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Your understanding as a beginner is incorrect. Consider an observation on a system that has n outcomes. What QM says is all we can predict is the probability of one of those outcomes - that's it - that's all. It does not say the coins are jumping or anything like your analogy - it says nothing at all about what the system is doing in any kind of visualisable sense. What it is doing prior to the observation is not known except we can assign the system something called the state that allows us to predict the probabilities of the outcome of the observation. Once it is observed we know it has some outcome and from physical continuity it is assumed if you observed it immediately afterwards it will definitely give that outcome again. Thus it has changed from a state that gives probabilities of a lot of different possible outcome to one that gives one outcome with 100% certainty. This is the collapse of the wavefunction issue - the state instantaneously and discontinuously changes to another state due to observation. If it is an issue for you depends on your interpretation. If you hold to the Ensemble interpretation like I do, or even the bog standard Copenhagen interpretation, it is not an issue because the state is simply the codification of knowledge about the system that allows you to predict probabilities - this is similar to the probabilities assigned to a coin when you toss it - it is simply a theoretical device that allows you to predict likely outcomes - it does not exist out there in any real sense like say an electric field does. Issues do remain and IMHO decoherence solves the important ones such as does it reveal a pre existing property (if you take into account decoherence it does) but it does not tell you what that property is - it only gives probabilities - which to some people is a problem.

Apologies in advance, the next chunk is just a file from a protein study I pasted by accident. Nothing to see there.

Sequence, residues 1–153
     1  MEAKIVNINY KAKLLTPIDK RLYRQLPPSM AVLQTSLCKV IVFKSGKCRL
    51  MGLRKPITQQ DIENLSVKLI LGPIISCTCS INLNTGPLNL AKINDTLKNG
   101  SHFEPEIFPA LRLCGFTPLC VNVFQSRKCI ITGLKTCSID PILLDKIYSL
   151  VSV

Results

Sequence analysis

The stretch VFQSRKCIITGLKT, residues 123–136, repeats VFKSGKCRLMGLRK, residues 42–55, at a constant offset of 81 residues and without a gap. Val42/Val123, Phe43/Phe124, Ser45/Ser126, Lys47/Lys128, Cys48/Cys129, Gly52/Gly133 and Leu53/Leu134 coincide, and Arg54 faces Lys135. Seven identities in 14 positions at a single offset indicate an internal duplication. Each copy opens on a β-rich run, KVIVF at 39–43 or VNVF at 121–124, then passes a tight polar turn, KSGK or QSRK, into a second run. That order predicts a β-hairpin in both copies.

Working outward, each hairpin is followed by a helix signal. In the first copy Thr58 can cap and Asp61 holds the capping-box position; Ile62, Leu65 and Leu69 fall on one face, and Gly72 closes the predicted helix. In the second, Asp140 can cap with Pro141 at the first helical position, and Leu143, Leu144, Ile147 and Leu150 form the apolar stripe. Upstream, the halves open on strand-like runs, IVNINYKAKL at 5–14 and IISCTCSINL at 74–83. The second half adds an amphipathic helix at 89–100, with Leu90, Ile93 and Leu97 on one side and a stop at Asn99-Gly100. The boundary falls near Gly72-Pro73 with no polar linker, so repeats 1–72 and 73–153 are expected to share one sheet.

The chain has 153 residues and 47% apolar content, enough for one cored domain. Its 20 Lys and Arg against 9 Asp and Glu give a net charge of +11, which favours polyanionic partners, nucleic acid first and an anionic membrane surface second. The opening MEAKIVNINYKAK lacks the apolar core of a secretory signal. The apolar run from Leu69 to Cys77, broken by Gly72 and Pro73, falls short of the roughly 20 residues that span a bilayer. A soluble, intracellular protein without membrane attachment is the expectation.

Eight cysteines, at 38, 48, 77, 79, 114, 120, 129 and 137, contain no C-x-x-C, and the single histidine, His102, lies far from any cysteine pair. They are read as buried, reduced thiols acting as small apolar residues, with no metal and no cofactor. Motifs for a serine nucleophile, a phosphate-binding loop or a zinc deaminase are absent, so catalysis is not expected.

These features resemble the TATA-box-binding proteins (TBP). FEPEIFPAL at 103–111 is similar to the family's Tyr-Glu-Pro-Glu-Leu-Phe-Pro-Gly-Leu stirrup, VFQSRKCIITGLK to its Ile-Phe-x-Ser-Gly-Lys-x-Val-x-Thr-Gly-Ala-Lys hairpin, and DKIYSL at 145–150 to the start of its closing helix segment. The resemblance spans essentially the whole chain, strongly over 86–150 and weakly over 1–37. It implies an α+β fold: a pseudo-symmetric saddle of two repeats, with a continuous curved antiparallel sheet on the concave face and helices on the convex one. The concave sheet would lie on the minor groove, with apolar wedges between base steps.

May I suggest you actually study a textbook? If you have a HS knowledge of math and a smattering of calculus I suggest - Hughs - The Structure and Interpretation of QM: